Book Review: Further Encounters of Sherlock Holmes edited by George Mann

Further Encounters of Sherlock Holmes

Edited by George Mann

Reviewed by Ardy

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Much like boxes of chocolates, typically, short story collections can be a bit of a risk: what if half the box consists of those weird coconut-filled chocolates I can’t actually eat?

I am delighted to say that Further Encounters of Sherlock Holmes is a rather lovely box of Sherlockian chocolates –  there are no weird coconut fillings to be found among the twelve stories in the anthology. All the stories in this collection incorporate a supernatural element, and in some, something is left open or unexplained at the end. The quality is high across the board – not a surprise when you look at the list of authors. Among the contributors are Doctor Who and Big Finish Audio veterans Scott Handcock, Roy Gill and James Goss as well as Guy Adams of Sherlock: The Casebook fame.

In no particular order, I hope to give you a bit of a taste of what to expect. Andrew Lane’s “The Case of the Compromised Card Index” is a steampunk-ish story wherein Sherlock Holmes becomes the victim of the Victorian equivalent of a computer hack. Scott Handcock’s “The Girl Who Paid for Silence” and Nick Campbell’s “The Adventure of the Decadent Headmaster” both have intense atmosphere and a great twist. Lou Anders’ “The Sleep of Reason” will appeal to fans of H. G. Wells as well as those who like alternative readings of Holmes and Watson’s relationship. Fans of Doctor Who and time-travel shenanigans will find Roy Gill’s “The Strange Case of the Displaced Detective” very gratifying. The Adventure of the Professor’s Bequest” by Philip Purser-Hallard is a wonderful imitation of Doyle’s voice (as are all stories in the collection) with a steampunk flavour. Speaking of flavours, Guy Adams’ “An Adventure in Three Courses” is probably the most humourous of the lot. I’ve rarely read a Watson who’s so obviously fed up with Holmes’ escapades, it’s a great joy. “Sherlock Holmes and the Popish Relic” by Mark A. Latham is a classic mystery which also happens to involve a séance and a Doylean in-joke that you may find funny if you’re anything like me.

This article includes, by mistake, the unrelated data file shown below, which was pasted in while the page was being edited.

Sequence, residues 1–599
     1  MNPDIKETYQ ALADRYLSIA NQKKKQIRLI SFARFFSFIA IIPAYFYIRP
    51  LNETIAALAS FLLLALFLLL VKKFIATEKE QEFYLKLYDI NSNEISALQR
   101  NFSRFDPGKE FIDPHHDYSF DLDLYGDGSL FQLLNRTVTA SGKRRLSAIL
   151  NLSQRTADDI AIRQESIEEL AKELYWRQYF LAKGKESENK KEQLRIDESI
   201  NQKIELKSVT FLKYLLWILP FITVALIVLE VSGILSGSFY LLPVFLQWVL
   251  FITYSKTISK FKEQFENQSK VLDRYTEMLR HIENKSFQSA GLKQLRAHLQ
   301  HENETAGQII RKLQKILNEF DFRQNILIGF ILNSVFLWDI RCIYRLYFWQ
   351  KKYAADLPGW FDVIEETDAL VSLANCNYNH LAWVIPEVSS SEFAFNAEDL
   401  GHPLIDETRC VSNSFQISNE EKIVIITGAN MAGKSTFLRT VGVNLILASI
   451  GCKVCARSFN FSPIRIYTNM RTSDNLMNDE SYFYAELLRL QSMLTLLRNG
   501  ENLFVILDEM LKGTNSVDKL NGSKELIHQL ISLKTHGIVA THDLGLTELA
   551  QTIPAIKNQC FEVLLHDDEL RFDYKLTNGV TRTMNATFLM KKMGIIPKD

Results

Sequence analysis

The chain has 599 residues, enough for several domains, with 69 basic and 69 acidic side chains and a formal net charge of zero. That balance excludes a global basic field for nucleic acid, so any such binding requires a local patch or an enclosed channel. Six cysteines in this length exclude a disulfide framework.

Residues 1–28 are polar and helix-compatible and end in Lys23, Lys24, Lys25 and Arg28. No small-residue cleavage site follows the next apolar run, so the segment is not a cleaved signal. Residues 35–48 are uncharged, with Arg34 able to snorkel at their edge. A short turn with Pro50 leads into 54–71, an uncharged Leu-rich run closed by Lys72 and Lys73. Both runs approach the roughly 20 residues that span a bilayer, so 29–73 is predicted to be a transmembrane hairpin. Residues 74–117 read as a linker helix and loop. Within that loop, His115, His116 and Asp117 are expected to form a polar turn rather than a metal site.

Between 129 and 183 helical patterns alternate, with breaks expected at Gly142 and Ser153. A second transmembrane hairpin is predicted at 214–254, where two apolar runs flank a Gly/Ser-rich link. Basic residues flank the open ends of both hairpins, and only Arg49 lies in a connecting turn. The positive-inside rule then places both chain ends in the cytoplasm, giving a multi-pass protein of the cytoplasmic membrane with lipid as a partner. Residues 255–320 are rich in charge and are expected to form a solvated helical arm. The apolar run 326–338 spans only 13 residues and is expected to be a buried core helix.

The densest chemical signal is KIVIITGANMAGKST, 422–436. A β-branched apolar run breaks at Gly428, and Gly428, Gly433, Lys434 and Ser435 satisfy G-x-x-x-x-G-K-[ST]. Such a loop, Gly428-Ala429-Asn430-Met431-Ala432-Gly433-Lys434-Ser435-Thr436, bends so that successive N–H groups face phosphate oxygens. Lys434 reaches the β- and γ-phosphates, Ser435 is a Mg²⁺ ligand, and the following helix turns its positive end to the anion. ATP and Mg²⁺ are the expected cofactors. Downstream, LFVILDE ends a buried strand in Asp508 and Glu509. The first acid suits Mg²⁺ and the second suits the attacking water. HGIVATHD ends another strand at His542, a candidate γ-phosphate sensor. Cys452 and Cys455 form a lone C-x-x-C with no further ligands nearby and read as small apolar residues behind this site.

Justin Richards’ “The Snowtorn Terror” features possibly supernatural creatures and in that way is a spin on The Hound of the Baskervilles, although in much colder and more sinister territory. Finally, A Betrayal of Doubt” by Philip Marsh give us an aged Holmes solving that one last case with Dr. Watson junior.

I do feel for James Goss, because “The Case of the Devil’s Door” is a great horror story with a neat setup and atmosphere, but people who have watched the most recent series of Sherlock will figure it out far too soon to be impacted very much. I am also afraid to say that other readers may enjoy “The Adventure of the Coin of the Realm” by William Patrick Maynard & Alexandra Martukovich more than I did. I thought the lynchpin of the mystery was a bit far-fetched. If you’ve read the Dorothy L. Sayers story “The Entertaining Episode of the Article in Question”, you’ll know what I’m talking about.

Overall, this is a collection of bite-sized, quality narratives that will appeal to people who like Sherlock Holmes and/or science fiction and intelligent psychological horror. If you are such a one, or have someone in your life who is, you can obtain it from all good bookstores as well as on Amazon UK, Amazon US (as well as other geographically appropriate Amazon sites) in print and for your Kindle. I feel I should also point out that the price tag is more reasonable than your average box of quality chocolates, and you’ll probably regret the purchase less the next morning, but that may just be me.

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